|The refinancing concept for subsidized EPC projects applied in the Kosmonosy Psychiatric Hospital in Czechia
The EPC provider MVV Energie CZ was bought during the process of pilot implementation by the energy group ENETIQA. However, this has not affected the pilot application.
The ENETIQA group is among the leading producers and distributors of heat in the Czech Republic. The Group is also engaged in high-performance electricity generation, waste to energy production, energy consulting, water management and the provision of electronic communications services.
MVV Energie CZ (which has become The Energy Services Division of ENETIQA) led the way in implementing EPC projects in the Czech Republic – already in 1993. Since then, the number of successfully implemented projects has been growing. In 2022, the division signed EPC contracts amounting to almost 220 million crowns. In total, it will bring customers savings of approximately 330 million in the coming years.
The customers of ENETIQA group include cities and municipalities, regions, contributory organizations and, more recently, the state and its organizations. They have also been cooperating with the private sector for a long time, increasing the efficiency of its energy facilities.
Selling the receivables from the EPC project while the project receives subsidies was possible only by following a specific procedure, i.e. signing the Tripartite agreement between the ESCO, client and the bank.
A new model of refinancing of EPC projects subsidized by the State Environmental Fund (SEF) was tested in the Kosmonosy Psychiatric Hospital. The SEF rules for subsidized EPC projects had to be modified to allow for the sale of receivables from subsidized projects. Special guidelines for SEF-subsidised EPC projects have been developed and can be downloaded here. A model tripartite agreement to be signed between the bank, the ESCO and the EPC client can be downloaded here.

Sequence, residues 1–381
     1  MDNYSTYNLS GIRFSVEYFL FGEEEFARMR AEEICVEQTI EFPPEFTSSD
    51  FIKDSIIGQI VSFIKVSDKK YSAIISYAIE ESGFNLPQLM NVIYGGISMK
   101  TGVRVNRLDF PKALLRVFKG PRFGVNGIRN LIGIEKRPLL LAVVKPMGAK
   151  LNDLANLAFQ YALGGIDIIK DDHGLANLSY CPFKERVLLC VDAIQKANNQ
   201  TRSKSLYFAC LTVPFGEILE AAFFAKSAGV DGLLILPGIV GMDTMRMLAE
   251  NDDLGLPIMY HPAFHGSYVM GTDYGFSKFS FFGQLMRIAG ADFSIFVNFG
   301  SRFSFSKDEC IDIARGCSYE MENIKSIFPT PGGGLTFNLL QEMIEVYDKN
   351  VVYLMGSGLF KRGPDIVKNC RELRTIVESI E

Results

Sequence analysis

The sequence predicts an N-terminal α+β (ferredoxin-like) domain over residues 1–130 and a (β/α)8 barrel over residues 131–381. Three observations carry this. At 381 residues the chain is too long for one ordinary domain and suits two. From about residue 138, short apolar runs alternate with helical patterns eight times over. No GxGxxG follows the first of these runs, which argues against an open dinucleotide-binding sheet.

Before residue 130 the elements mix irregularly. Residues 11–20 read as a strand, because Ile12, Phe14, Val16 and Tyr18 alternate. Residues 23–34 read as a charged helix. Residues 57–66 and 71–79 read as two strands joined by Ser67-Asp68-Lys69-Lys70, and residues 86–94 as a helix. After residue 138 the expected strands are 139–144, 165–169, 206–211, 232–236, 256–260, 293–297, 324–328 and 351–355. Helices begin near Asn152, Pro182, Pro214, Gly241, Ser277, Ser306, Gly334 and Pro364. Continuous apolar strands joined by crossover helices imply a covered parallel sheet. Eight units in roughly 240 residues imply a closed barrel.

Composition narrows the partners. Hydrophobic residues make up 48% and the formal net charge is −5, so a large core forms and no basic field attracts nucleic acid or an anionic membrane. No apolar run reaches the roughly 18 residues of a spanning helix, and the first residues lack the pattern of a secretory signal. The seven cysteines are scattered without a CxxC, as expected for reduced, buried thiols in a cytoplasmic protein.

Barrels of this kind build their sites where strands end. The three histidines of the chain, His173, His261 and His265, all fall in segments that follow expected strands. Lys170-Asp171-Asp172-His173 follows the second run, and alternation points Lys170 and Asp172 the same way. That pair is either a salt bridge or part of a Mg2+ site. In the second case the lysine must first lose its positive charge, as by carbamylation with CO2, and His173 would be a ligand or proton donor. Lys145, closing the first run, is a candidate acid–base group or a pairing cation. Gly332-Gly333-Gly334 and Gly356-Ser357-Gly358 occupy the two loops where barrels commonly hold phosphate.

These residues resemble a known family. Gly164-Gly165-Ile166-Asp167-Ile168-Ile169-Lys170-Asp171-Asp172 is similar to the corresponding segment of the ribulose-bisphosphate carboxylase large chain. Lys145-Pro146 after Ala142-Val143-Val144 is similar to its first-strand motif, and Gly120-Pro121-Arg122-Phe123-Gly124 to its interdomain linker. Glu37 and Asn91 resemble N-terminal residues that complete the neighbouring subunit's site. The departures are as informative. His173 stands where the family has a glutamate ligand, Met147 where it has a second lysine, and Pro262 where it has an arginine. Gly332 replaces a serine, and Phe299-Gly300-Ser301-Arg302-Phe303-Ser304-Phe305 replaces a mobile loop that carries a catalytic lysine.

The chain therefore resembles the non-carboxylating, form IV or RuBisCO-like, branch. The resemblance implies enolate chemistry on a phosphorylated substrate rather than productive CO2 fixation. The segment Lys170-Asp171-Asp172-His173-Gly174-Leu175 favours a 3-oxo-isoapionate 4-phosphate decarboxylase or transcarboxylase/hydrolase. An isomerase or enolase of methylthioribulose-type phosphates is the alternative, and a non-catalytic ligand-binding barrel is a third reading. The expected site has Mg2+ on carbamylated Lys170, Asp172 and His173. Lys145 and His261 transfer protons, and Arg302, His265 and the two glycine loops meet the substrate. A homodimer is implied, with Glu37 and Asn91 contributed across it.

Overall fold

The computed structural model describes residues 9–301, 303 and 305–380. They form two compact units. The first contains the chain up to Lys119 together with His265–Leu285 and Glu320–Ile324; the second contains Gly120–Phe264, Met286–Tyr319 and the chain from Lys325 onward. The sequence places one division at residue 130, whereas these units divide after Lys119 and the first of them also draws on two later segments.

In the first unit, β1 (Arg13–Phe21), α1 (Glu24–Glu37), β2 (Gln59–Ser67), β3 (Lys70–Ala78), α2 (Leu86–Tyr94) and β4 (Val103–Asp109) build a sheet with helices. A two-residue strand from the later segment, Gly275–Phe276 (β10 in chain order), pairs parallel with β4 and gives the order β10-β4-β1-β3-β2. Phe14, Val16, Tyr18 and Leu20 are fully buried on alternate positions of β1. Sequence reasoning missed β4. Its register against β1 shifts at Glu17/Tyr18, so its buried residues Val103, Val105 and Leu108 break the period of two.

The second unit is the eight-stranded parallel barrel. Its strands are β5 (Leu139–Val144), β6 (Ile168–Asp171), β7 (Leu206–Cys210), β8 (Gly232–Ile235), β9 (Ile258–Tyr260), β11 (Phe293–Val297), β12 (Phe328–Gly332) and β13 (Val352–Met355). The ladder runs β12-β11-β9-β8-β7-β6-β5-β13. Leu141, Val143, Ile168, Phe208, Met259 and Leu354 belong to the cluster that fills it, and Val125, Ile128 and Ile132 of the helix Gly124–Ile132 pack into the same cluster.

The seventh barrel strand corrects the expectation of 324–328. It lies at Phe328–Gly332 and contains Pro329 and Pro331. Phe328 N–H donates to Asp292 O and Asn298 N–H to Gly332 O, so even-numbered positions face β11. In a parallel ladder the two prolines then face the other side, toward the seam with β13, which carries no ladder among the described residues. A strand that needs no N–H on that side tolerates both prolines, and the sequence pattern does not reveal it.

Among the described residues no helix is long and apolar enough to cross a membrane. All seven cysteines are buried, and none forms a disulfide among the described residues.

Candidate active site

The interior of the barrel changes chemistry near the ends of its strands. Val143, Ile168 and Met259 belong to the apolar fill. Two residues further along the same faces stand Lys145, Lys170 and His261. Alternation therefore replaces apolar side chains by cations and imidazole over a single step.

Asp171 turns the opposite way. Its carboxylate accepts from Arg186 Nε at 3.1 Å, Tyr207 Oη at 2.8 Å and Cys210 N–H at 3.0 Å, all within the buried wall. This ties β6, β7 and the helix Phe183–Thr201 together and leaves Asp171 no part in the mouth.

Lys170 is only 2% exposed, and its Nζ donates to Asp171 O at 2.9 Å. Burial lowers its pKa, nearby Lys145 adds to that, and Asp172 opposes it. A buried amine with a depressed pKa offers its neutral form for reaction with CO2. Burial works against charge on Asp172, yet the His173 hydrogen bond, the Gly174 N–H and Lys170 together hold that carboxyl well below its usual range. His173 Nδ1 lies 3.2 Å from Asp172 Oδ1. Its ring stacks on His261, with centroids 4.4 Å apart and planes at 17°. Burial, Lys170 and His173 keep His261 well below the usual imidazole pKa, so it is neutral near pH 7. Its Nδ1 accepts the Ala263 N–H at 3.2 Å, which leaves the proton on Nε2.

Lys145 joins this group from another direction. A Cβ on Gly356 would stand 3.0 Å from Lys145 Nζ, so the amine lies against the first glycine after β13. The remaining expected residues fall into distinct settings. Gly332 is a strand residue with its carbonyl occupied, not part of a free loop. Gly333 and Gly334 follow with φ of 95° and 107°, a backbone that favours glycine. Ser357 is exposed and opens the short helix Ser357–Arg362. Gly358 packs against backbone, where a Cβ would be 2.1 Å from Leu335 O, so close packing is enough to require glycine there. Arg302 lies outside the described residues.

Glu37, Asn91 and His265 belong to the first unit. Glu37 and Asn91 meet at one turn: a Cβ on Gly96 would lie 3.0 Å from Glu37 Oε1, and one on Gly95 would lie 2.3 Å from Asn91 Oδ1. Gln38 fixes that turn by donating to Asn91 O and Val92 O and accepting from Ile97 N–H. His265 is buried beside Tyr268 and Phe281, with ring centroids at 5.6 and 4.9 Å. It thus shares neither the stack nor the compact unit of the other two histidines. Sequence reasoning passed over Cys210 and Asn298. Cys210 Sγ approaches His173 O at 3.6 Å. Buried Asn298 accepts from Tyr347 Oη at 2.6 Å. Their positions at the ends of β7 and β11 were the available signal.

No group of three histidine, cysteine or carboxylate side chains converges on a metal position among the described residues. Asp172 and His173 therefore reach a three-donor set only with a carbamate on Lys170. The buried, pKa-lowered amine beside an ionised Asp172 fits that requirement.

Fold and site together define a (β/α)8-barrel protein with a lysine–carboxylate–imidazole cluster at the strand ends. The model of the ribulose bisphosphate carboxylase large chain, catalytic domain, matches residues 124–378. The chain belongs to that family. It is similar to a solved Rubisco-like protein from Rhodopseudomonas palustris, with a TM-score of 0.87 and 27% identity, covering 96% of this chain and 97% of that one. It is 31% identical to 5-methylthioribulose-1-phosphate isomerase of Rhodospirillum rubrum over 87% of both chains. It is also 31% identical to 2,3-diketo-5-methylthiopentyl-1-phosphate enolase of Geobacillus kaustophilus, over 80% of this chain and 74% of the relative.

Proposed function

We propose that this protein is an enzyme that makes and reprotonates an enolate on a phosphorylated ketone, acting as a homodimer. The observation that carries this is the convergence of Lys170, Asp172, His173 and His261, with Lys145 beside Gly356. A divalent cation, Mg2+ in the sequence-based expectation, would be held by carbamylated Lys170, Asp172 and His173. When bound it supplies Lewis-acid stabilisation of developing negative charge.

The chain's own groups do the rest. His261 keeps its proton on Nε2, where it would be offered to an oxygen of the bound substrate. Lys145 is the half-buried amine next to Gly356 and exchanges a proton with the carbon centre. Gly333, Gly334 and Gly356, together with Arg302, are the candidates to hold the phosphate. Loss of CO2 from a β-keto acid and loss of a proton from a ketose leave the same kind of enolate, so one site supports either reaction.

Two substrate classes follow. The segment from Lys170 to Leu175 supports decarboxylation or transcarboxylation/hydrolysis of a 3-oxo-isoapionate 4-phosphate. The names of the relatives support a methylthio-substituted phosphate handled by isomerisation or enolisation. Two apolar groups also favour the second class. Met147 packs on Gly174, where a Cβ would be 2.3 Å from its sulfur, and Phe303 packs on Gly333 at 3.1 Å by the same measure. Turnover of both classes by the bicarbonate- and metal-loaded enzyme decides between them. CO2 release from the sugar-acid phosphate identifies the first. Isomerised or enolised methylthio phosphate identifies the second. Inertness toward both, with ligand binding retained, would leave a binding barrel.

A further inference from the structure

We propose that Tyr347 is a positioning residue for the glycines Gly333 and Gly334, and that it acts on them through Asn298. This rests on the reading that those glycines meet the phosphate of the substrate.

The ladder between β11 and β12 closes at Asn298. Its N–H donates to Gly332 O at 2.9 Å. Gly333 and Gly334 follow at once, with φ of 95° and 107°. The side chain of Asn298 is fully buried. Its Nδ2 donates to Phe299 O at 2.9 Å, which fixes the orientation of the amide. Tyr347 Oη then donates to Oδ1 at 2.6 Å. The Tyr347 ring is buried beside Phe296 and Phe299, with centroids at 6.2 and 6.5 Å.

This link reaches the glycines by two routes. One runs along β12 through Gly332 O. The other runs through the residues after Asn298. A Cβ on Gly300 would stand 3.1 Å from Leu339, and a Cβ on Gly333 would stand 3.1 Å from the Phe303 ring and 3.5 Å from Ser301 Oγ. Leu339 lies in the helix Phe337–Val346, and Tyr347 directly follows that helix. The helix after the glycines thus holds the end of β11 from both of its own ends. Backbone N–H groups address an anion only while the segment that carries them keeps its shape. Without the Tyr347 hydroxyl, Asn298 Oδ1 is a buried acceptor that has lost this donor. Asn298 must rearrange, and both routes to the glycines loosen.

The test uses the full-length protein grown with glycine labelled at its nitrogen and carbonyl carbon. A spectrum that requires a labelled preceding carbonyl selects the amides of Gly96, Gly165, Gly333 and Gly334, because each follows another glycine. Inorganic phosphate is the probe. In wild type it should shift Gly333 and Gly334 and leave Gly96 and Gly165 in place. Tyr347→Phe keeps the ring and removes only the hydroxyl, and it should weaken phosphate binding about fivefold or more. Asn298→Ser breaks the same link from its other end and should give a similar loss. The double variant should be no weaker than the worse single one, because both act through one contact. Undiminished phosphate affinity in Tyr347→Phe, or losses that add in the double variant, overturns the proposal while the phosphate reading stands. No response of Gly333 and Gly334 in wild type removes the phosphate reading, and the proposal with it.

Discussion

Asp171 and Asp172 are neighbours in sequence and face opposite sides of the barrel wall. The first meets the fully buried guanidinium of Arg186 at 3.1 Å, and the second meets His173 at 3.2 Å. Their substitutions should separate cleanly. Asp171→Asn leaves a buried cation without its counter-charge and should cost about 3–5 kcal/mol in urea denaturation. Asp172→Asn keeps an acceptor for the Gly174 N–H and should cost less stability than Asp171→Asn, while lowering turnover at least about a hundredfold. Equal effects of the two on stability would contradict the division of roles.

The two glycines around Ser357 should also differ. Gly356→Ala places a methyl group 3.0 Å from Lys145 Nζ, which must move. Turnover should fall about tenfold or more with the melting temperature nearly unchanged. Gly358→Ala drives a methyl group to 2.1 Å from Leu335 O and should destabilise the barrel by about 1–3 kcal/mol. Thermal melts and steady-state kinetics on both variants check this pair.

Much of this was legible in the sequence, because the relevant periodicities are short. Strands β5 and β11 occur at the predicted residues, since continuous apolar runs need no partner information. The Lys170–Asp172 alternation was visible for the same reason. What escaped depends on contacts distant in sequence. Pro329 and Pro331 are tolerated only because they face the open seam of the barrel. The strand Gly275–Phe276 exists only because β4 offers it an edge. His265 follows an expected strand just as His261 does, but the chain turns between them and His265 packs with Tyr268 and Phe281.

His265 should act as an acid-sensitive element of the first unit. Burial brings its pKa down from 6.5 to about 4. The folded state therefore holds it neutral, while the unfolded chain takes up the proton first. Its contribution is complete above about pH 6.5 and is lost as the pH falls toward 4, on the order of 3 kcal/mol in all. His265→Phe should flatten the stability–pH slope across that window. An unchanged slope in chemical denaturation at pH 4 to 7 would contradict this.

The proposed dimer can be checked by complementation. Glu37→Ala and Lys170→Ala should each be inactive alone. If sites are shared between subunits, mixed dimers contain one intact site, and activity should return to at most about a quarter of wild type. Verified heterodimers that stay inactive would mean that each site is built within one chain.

Financing of the comprehensive renovation in the Psychiatric Hospital has the following structure:
- Financing of the EES project includes subsidy, thus the set of EEI measures must fulfil the requirement of 30% energy savings to be eligible for the subsidy program. There are two financial flows – firstly, the State Environmental Fund (SEF) provides subsidy to the EPC client and secondly, later, the EPC client pays the same financial amount to the EPC provider.
- Supplier credit, which will be later refinanced was limited by maximum threshold.
- Own resources of the client were also used.
In the Czech Republic, the EPC provider (ESCO) typically sells receivables to the bank after the implementation of the energy saving measures, and thus obtain funding for other projects. Until recently, sale of receivables was not allowed for EPC projects that used subsidies from the Operational Programme Environment (OPE) operated by the State Environmental Fund (SEF). The reason was that the subsidy programme, which always financed only part of the contract, strictly required that the remaining part of the project costs be reimbursed within 10 days after the subsidy was provided. At the same time, each payment had to be supported by a bank statement proving that the client had paid the amount from its bank account directly to the account of the provider. However, this was not possible in the case of the sale of receivables, because in such a case the provider would receive the payment for receivables from the bank, not from the client.
Therefore, the effort was made to find a way to meet the requirements of the subsidy programme and at the same time allow refinancing so that the EPC provider can eliminate the long-term debt burden. After complex negotiations, a tripartite agreement was proposed, which replaced the required proof of reimbursement of the cost by the client. The agreement obliges the bank, the provider and the client to take a common procedure in the form of preparing the sale of receivables before receiving the subsidy and transferring funds to the provider no later than 10 days after receiving the subsidy.